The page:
When we're finally able to break out of quarantine, you won't want to be confined by four walls anymore. The Casa Cosmos is the perfect cure for cabin fever. Located on a remote piece of Pacific coastline in Puerto Escondido, Mexico, the seaside retreat features an open-air design. Wooden screens slide out to seamlessly expand the minimalist living spaces to the jungle landscape. For full ocean views, head to the rooftop terrace and catch the sunset. Its interior is comfortably equipped with a bathroom, kitchen, and queen-size bed while an outdoor hammock and private plunge pool ensure relaxing is part of the agenda.
Casa Cosmos is the perfect house for you to relax, come and disconnect yourself from the city chaos.
In this remote beach of the Mexican Pacific coast, you will be able to let go of stress, we want you to enjoy your stay, have time and space to finish that book that you been willing to read or just enjoy the incredible sunsets while you walk down the beach.
Casa Cosmos was designed for guests to remember that taste of life that we usually forget in the city, to have time to think on the importance of our cosmos, space, planet and nature that surrounds us.
This minimalistic space is designed as a house that can be completely open to nature, light, air... or closed to be more intimate with one another. With spectacular views of the sea, the sunsets that hide behind the mountain next to the house, and the huge ecosystem that wraps the house in nature.
Life in this part of the ocean feels slower, giving you time to enjoy every little minute, that splash on the swimming pool or the sea, the starry nights on the rooftop while zipping a glass of wine.
You can rest in one of our hammocks in the house, or take a sun bath; whatever you want Casa Cosmos is the perfect seaside retreat to enjoy your holiday. Perfect for couples or to be by yourself with your books and favorite playlists.
We are pretty proud of two things the house has: The rooftop and the bathroom.
The rooftop is the perfect spot to enjoy the magnificent sunsets that Puerto Escondido offers, or gaze at the starry nights through our water mirror.
The bathroom will make you experience one of the forgotten delights that humans let go... showering in candle light, a romantic and sensorial moment that will allow you to understand better the act of bathing with your couple or with yourself.
Our bedroom is fitter with a queen size bed, and a spectacular view to the gardens and swimming pool, that helps cool down the temperature of the space.
The living and kitchen are connected, allowing guests to move from one space to the other and live through out the house while enjoying each others company.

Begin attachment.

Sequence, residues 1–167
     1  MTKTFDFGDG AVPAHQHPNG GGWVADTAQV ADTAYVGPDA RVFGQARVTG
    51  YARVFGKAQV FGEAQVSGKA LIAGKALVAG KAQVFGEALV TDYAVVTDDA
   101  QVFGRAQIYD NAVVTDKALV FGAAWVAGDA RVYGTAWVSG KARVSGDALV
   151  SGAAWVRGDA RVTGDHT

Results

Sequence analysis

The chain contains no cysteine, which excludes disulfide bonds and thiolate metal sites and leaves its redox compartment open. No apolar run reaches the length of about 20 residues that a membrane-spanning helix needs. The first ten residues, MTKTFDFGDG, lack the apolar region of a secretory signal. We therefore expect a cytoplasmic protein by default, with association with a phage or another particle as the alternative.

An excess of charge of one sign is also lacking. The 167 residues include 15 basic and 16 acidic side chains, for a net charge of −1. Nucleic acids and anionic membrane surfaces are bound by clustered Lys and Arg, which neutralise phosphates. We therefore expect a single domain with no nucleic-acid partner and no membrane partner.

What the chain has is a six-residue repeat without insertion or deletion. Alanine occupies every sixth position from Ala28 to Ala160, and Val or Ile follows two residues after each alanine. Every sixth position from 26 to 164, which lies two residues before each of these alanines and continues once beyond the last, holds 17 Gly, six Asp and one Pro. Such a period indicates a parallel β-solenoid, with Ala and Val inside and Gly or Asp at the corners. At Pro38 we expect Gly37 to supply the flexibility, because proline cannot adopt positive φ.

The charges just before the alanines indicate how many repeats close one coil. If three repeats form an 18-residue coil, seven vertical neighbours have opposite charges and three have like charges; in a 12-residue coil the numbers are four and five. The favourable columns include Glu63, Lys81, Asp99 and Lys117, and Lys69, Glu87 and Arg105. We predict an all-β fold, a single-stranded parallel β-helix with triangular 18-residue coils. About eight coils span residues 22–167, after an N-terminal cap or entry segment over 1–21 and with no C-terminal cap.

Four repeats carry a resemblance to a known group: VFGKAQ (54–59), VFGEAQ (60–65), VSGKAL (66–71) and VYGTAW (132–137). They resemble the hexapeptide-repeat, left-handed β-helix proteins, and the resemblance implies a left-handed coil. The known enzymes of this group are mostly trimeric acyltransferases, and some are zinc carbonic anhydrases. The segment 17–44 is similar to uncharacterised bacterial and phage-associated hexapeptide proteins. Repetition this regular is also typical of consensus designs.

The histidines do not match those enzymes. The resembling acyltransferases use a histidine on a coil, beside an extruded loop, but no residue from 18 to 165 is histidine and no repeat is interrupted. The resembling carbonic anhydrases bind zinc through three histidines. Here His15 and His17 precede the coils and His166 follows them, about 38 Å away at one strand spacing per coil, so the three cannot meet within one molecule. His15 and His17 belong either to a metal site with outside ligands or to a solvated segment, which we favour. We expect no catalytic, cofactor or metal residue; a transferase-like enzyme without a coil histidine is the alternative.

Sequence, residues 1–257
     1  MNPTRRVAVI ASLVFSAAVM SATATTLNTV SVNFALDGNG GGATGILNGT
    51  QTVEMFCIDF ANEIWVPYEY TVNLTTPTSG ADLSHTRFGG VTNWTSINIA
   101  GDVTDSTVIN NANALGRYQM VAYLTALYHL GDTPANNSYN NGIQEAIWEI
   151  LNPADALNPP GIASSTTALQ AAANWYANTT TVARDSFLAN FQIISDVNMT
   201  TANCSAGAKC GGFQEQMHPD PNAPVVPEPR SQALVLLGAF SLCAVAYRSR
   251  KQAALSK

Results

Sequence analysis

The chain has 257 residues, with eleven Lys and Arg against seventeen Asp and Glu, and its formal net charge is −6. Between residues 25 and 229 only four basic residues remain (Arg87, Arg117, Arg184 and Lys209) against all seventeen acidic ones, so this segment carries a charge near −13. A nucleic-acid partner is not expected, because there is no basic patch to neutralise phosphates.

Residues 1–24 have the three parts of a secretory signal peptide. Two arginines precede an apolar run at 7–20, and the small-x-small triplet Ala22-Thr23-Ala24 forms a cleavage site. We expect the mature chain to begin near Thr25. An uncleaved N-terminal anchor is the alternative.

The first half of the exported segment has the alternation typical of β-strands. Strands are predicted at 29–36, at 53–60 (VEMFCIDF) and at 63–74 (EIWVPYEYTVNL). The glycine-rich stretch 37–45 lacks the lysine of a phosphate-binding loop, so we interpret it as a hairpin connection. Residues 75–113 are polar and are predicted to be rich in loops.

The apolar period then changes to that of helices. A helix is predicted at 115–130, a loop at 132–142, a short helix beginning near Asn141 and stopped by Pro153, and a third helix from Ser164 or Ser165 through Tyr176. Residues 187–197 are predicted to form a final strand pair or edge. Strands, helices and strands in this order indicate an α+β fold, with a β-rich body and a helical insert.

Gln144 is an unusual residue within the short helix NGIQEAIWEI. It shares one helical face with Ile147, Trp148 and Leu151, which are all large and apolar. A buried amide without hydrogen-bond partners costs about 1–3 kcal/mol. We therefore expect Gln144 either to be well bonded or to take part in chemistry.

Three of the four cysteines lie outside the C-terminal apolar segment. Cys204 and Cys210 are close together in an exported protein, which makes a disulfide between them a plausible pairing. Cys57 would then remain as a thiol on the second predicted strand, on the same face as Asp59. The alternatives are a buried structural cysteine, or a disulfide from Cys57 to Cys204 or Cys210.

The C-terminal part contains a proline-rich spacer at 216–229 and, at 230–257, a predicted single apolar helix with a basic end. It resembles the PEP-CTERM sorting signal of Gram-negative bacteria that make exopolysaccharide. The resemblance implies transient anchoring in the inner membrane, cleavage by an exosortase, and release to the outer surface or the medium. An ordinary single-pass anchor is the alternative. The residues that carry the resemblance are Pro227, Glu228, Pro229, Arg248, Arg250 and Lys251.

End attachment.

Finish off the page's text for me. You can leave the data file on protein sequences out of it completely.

The pool of the house also connects the kitchen area with the bedroom, and has an hammock to chill while enjoying the view of the mountains.
NEWPORT FIRE STATION RESTORATION
The Redwood Hose Station 8 served Newport, Rhode Island from 1887 to 1912. After acting as an upholstery shop and a triplex apartment, the old fire station was converted into a four-story dwelling. Its current state is the result of a three-year renovation that restored the building while preserving its historic character, including its original bricks and a fire pole. Although its exterior has retained its authentic appearance, the four-bedroom, three-bathroom interior has been loaded with modern amenities from a Thyssenkrupp elevator and 200 amp Tesla car charger to a SONOS sound system and radiant floors. Rooms are washed in natural light through 9-foot windows and an atrium above the staircase. A third-floor master suite occupies the third floor where track doors open to a terrace. From there, a spiral staircase leads to the rooftop overlooking Newport Harbor.
ABOUT 118 PROSPECT HILL STREET, NEWPORT, RHODE ISLAND
Redwood Hose Station 8 is unique in every sense of the word. This former fire station saw its last active duty in 1912 and is an incredible piece of Newport history. The stunning renovation features the modern architecture of David Hacin with a focus on green living and a commitment to historic preservation. Situated in the heart of the Historic Hill district of Newport, this modern, naturally lit oasis offers three floors of living with four bedrooms and three bathrooms. Every aspect of the Hose Station 8 restoration and renovation has been thoughtfully designed for ease of living. Luxurious amenities include a Thyssenkrupp elevator that services all four floors, SONOS sound system with individual room controls, nine-foot windows that allow natural sunlight to flood into the house, 200 amp Tesla car charger, and geothermal heat with an 850-foot well that provides heating and central air throughout the residence. In the Firehouse, you will enjoy 10- to 12-foot ceilings, radiant floors, sustainable woods, and a refurbished fire pole that will take you from the second floor straight down to the Club Level! Relax on the master floor with track doors that open up to a beautiful Ipe deck. Additional features include ADT security, August Smart Lock, Nest Camera System, generator, and master-bedroom steam shower and insulated air tub. Redwood Hose Station 8 received the prestigious Doris Duke Historic Preservation Award in 2009, the highest compliment for any renovation and restoration in Newport! And for your guests, a very private space with two bedrooms, bath, and kichenette. Truly a one-of-a-kind property where you can park your car for the weekend, be in the heart of everything that Newport has to offer, and return back to the serenity and quietness that the Firehouse offers.